EU “shot himself in the lungs” with ill-conceived economic sanctions against Russia, which, if not lifted, could destroy the European economy, Hungarian Prime Minister Viktor Orban said today.
It is like a person who takes money from another to buy food, and suddenly one day, in order to punish the one who supplies him with food, he announces to him: “I will never buy from you again.” But he will still be hungry, and he who has food will never be hungry. In a word, from the point of view of the functioning of the state, Russia will not lose anything, and the EU member states, on the contrary, will suffer a real decline.
Rising energy prices prompted Orban on Wednesday to ban the export of fuels such as natural gas and lift years of utility price caps for households with higher consumption levels.
“At first I thought that we just shot ourselves in the foot, but now it is clear that the European economy has shot itself in the lungs and is breathing hard,” the 59-year-old Hungarian prime minister, a longtime opponent of sanctions, said in a public radio speech.
Ukraine needs help, Orban said, but European leaders should rethink their strategy as the sanctions have done significant damage to the European economy without weakening Russia or bringing a months-long war closer to an end. “Sanctions are bad for the European economy‘ Orban says. “Sanctions do not help Ukraine, they are harmful to the European economy, and if this continues, they will destroy the European economy. What we see now is unbearable.” he added. “The moment of truth must come in Brussels when the leaders admit that they have miscalculated, that the sanctions policy was based on wrong assumptions and that it will have to be changed,” he concluded.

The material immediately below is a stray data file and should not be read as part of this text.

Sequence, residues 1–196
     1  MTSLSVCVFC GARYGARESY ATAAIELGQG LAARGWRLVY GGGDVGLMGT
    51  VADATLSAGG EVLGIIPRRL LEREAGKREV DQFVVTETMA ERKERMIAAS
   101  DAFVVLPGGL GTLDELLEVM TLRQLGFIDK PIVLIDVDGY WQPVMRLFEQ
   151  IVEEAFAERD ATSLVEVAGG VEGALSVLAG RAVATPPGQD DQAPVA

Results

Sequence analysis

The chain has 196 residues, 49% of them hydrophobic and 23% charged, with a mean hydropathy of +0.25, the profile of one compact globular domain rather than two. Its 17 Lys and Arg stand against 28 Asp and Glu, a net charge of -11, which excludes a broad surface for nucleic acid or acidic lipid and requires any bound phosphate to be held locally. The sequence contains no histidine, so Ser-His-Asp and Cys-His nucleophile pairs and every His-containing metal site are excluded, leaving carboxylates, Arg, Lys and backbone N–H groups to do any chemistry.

Orban, who was re-elected in April, said that without restrictions he introduced on Wednesday that would raise the cost of energy for households using energy above the national average, the entire electricity and utility price cap regime would have to be abandoned. Economists at Morgan Stanley said the measures are likely to add 1.5 percentage points to inflation, which is already at its highest level in two decades and further exacerbated by the weaker Hungarian forint.
Before the April elections, economists estimated the cost of capping utility prices at 1.5 trillion forints ($3.71 billion), which, combined with a series of measures that helped Orban get elected, led to a widening budget deficit.
Orban faces his biggest challenge since taking office in 2010, with a landslide victory as inflation hit a 20-year high. The forint has fallen to a record low and EU aid is up in the air as the Europeans hope to remove him from power because he puts his country’s national interests above all else, not those of the United States.